If you have a high temperature heat pump, it doesn’t mean you always have to operate it at a high temperature.  If you operate it at lower temperatures, the performance should be far better. It is however always a good idea to find out the working limits of you unit.
Some of you may have wondered about the flattening of the curve at very low temperatures.  I have drawn it that way because some heat pumps are not very good at the extremities (limits) of their performance. However, I am finding (and partly guessing) that most inverter heat pumps with electronic expansion valves work very well over a very wide range, so some heat pumps will easily exceed COPs of 5 in ideal conditions (usually late spring or autumn, when not much heating is needed) .Never forget mid-winter conditions – this is the time we need most heat, so the operational area to focus on.


So, it is with an understanding of the characteristics of heat pumps, performance monitoring can be used to great advantage. In general, we want heat pumps to spend as much time at lower output temperatures ( and high source temperatures) as possible.

Temperature sensing with OpenEnergyMonitor

Temperature sensors for monitoring heat pumps

I have been using energy monitors with heat pumps for a few years now and thought I should briefly share my experience.  This covers the practical side of temperature sensors, and is based on my experience.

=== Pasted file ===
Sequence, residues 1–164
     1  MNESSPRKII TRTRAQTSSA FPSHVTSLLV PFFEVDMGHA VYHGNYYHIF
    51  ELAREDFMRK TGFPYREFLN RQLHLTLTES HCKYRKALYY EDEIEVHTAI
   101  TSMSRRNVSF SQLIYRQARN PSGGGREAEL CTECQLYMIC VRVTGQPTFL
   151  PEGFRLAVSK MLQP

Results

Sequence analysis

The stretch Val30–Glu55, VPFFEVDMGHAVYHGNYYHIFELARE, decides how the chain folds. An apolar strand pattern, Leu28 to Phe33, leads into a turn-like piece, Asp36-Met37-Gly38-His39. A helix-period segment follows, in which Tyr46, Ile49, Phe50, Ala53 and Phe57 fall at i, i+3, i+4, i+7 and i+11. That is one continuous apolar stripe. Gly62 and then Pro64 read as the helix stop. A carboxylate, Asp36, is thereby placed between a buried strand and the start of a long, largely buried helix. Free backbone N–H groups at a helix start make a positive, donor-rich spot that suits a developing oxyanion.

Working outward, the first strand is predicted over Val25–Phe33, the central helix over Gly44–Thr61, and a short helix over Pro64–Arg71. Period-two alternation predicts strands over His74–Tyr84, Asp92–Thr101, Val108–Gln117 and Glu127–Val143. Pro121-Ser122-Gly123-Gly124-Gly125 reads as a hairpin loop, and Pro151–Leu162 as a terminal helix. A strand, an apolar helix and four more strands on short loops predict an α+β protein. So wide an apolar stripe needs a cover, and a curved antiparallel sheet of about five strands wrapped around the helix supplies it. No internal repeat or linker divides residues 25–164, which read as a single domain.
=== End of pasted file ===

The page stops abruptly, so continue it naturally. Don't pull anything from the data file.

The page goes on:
(If you just want advice about fitting temperatures sensors onto pipes, skip further down the page)

The sensors used in modules are DS18b20. These are Maxim 1-wire digital sensors.
They actually have 3 connections;   0v, 5v and signal.   Since each sensor has its own unique i.d. code, multiple sensors are simply connected into the same 3 terminals on the monitor device.
They are mostly bought ‘encapsulated’ in a shiny stainless sensor end all ready with a cable.
The great advantage of these digital sensors is that there are no errors due to cabling.  Phone extension cable can be good enough.  Thermistor sensors (variable resistance, as PT100) rely on a specific cable resistance and furthermore some sensors could ‘drift’ out of calibration.   A further advantage of digital sensors is that they do not in themselves generate heat. They can therefore be used in still air with good accuracy.

If several sensors are strapped together (with an elastic band) and tested in a thermos flask over a few hours, most seem to read within 0.2 degrees C of each other.  If you have say 6 sensors, you can chose those that agree most for the most important sensing (e.g. flow and return).   Anyhow, these sensors are perfectly accurate enough for this type of monitoring, and there is comfort in knowing that if you are seeing 35.2C (for example) on a graph, then that sensor tip must be at 35.2 +/-, with a small error margin of say 0.15 degrees.  This is because the digital signal is generated inside the sensor.

What to measure on a heat pump?

Typical temperature measurement could include the following:
Ground source
Water flow and water return from heat pump (hot side)
Ground collector glycol  inlet and outlet from heat pump (cold side)
Outside (ambient) air temperature.
Hot water cylinder temperature, and at least one room temperature.
Air source
Water flow and water return from heat pump (hot side)
Outside (ambient) air temperature and air-off (cooled air leaving heat pump)
Hot water cylinder temperature, and at least one room temperature.